GEOG 865
Cloud and Server GIS

Fusion Tables

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With Fusion Tables, Google acts as the cloud service provider, supplying a pre-configured system and software environment (SaaS), accessible by the client via a Web browser. The underlying hardware and operating system components are completely hidden from the client, and the software environment is restricted to an extent that only a small set of configuration options are available to the client to manage. Aside from the standard Google base map, no data is pre-loaded, however. The software interface is designed to facilitate the process of uploading, organizing and formatting data in a manner that satisfies the clients' goals. Clients are responsible for providing the data, which can then be analyzed, visualized and shared with other clients.

The following lesson instructions lead you through an overview of the Google Tables interface. Fundamentally, data in Fusion Tables is in a tabular form, rather than a GIS data format. You will first explore an existing tabular dataset that has already been created by a client and then experiment with the different visualization options that include a map. As you will see, any field that contains spatially referenced information (lat/lon coordinates, street address, place name, etc.) can be used to plot features on a map.

  1. Fusion Tables are now integrated into Google Drive, so we'll start by visiting the Google Drive informational page. Spend some time on this page reading about how Google Drive is a cloud-based service for storing different kinds of documents and files. You may be very familiar with Google Drive through using Google Docs, but as you read this, pay particular attention to how cloud technology is involved.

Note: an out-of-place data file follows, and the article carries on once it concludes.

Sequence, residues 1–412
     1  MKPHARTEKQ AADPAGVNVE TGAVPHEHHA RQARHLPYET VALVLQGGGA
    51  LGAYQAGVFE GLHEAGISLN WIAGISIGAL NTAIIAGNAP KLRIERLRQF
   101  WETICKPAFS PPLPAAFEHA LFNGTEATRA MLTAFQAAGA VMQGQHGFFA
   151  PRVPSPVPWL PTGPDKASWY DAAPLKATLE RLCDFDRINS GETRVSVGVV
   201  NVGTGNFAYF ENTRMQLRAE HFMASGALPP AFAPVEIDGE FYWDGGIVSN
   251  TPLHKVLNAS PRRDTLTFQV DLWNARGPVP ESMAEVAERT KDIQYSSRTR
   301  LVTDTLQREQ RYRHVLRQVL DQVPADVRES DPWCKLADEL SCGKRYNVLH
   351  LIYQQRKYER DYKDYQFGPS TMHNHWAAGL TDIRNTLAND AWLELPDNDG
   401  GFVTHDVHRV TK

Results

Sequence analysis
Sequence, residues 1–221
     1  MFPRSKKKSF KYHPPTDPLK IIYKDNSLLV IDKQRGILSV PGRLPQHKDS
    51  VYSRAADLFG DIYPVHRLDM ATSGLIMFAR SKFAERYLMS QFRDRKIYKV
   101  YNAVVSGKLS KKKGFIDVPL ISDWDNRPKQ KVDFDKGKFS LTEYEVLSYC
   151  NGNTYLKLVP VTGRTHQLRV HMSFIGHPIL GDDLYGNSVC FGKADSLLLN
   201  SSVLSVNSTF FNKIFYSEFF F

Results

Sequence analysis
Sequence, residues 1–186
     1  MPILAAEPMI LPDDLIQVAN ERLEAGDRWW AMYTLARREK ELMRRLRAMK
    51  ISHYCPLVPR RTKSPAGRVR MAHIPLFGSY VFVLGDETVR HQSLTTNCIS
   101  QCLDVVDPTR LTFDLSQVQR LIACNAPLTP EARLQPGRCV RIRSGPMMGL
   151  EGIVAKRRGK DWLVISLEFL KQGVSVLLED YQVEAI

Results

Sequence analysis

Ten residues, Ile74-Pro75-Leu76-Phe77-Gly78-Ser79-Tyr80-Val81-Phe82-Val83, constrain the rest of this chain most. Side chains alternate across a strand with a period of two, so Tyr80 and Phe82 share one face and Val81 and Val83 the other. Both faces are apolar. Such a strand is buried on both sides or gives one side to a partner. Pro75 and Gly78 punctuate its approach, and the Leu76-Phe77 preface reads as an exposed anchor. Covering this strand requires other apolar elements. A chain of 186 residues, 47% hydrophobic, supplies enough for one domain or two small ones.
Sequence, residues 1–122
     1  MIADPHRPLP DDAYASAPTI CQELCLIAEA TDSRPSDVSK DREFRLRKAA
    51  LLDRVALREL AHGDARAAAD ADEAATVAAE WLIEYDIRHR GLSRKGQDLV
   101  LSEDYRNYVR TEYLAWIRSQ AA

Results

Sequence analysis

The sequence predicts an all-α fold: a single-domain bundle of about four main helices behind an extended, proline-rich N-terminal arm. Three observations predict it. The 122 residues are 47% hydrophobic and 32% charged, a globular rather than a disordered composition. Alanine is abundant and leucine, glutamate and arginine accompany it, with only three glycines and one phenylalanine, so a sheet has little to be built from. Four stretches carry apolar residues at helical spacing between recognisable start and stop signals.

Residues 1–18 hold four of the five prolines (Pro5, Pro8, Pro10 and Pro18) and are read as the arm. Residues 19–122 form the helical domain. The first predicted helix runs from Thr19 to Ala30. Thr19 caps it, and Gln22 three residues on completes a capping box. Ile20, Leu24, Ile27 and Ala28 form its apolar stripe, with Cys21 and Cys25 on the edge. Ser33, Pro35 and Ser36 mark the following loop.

2. Learn more about Fusion Tables on the Fusion Tables support page. If you are considering using Fusion Tables for a term project, or outside this course, you should explore this page.
  3. Log in to drive.google.com using your Google Account. If you don't already have a Google Account, you will need to create one (it is free).

    Explore the layout of the page. Notice along the left of the window are links labeled "My drive", "Shared with me", etc. Using these links you can view only tables you have created and other tables that have been designated as visible by everyone or only certain users. When you create a new table, you can explicitly specify its level of access.

    The bulk of the window shows items in your Google Drive, including the tables that you are permitted to see. If this is the first time that you have used Google Drive, this area will be blank.
  4. For this exercise, I have created a public table. Open this table in a new browser window.
  5. Since you are not an owner of this table, you should not be able to edit the data; you have viewing privileges only. Remember that Google Fusion Tables fundamentally operates on tabular data, which can be manipulated similar to the way you can with traditional desktop applications, like Microsoft Excel. Clicking on a column heading sorts the table by the corresponding values, very similar to a desktop spreadsheet program.

    Also note that this table is in "Classic look". Don't click "Switch to new look" right now. Google's new look for Fusion Tables does not have all the mapping options we'll be using. In the exercises in this course we will stick with the classic look. If you ever find yourself in the new look and you are getting lost in the course instructions, click Help > Back to Classic look.